Tuesday, November 14, 2006

I survived

My workshop went well – I survived with my life in tact.

On a serious point, many managers in the National Health Service are under all sorts of pressures at the moment with radical changes happening and no guarantees for their future job security. That however sounds a bit like the rest of the business world to me.

I believe the NHS is still ‘over managed’ but that does not stop me feeling sorry for individual managers who are trying to do a good job against an uncertain backcloth.

Managers in the NHS have to change because the world is changing around them and one request to individual managers in my talk is that they become ‘an enemy of inertia.’

In other words; firstly to accept change; then to welcome change; and then actively seek and create change.

Needless to say many managers disagree with me about this and that is fine. I take the view that the world is changing all around the NHS and the status quo is not even an option nowadays so why not try to do something rather than wait for something to be done to you.


Mike Gardner said...

I tell my students (factory workers, managers, techs, etc.) that I HATE change. The only kind of change I want more of is the kind that jingles in my pocket! And that is exactly the reason I am qualified to teach them how to embrace change. Don't give me some smiley glad-hander who claims "Oh, I love change, it's so refreshing (challenging, invigorating, whatever...)." There is no authenticity in that attitude. Change is very difficult and people want a guide they can trust as having experienced the same emotions as they do.

Trevor Gay said...

Hi Mike - I agree we all dislike change. I am like most people and I too get 'uncomfortable' with change but I cannot say that I 'hate' change. Change means ‘difference’ but it does not mean ‘bad’.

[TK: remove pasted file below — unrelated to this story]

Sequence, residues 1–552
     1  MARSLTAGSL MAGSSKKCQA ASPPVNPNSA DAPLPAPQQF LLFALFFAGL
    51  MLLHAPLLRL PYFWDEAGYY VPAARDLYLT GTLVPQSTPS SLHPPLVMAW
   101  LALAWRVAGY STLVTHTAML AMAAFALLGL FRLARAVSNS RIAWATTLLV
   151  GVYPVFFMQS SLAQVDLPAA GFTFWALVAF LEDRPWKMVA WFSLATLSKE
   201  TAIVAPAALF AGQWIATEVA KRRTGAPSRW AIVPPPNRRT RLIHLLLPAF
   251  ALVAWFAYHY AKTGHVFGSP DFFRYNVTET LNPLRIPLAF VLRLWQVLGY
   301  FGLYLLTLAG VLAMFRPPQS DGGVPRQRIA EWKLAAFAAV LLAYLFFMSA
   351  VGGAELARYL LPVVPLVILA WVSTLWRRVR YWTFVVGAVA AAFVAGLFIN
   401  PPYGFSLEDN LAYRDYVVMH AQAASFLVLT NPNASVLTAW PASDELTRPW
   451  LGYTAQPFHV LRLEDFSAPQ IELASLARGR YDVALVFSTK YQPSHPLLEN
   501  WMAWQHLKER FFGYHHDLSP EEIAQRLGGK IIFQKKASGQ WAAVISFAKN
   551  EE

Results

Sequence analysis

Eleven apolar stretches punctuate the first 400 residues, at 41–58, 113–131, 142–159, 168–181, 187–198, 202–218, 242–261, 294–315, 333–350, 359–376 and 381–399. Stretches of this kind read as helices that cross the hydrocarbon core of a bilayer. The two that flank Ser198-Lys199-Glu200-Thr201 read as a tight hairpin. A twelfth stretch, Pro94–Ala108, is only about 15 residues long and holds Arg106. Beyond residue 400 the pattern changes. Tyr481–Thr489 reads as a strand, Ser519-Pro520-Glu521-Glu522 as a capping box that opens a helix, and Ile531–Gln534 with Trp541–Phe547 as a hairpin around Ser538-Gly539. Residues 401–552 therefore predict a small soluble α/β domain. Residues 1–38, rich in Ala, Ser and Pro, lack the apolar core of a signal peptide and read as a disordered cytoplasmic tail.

Like you I cannot stand the ‘change junkies’ we all meet. My main point here is that burying our heads in the sand about change inside the NHS is not helpful for the individual or the organisation and ultimately for patients.

Anonymous said...

I like change if it's a change I have worked for and have control over.

I hate change that is imposed thoughtlessly and without consultation from on high.

At the risk of sounding like a 'smiley glad-hander', however I do think that most changes have some sort of an opportunity as an outcome-even if it's just an opportunity to take stock and move on. Once its happened we have to live with what we've got and work with it. I look back at times when I spent hours moaning about a stupid ill-thought out top-down change instead of facing it and getting on with the job/seeing the opportunity, and now realise the moaning was pointless.

Trevor Gay said...

Hi tomjam

I remember well in 1983 that wearing seat belt in cars was introduced by law. There was loads of opposition at the time. It soon became ‘normal’ and now, many years later; the thought of travelling in my car without wearing a seat belt horrifies me.

I am not a person who ‘looks for change’ but when change presents itself then I believe we have to at least keep an open mind and give it a go.

Charles Handy explains it well with his sigmoid curve about change. Professor Handy says that the time to change is when things are going well. I believe complacency can set in very easily when things are comfortable.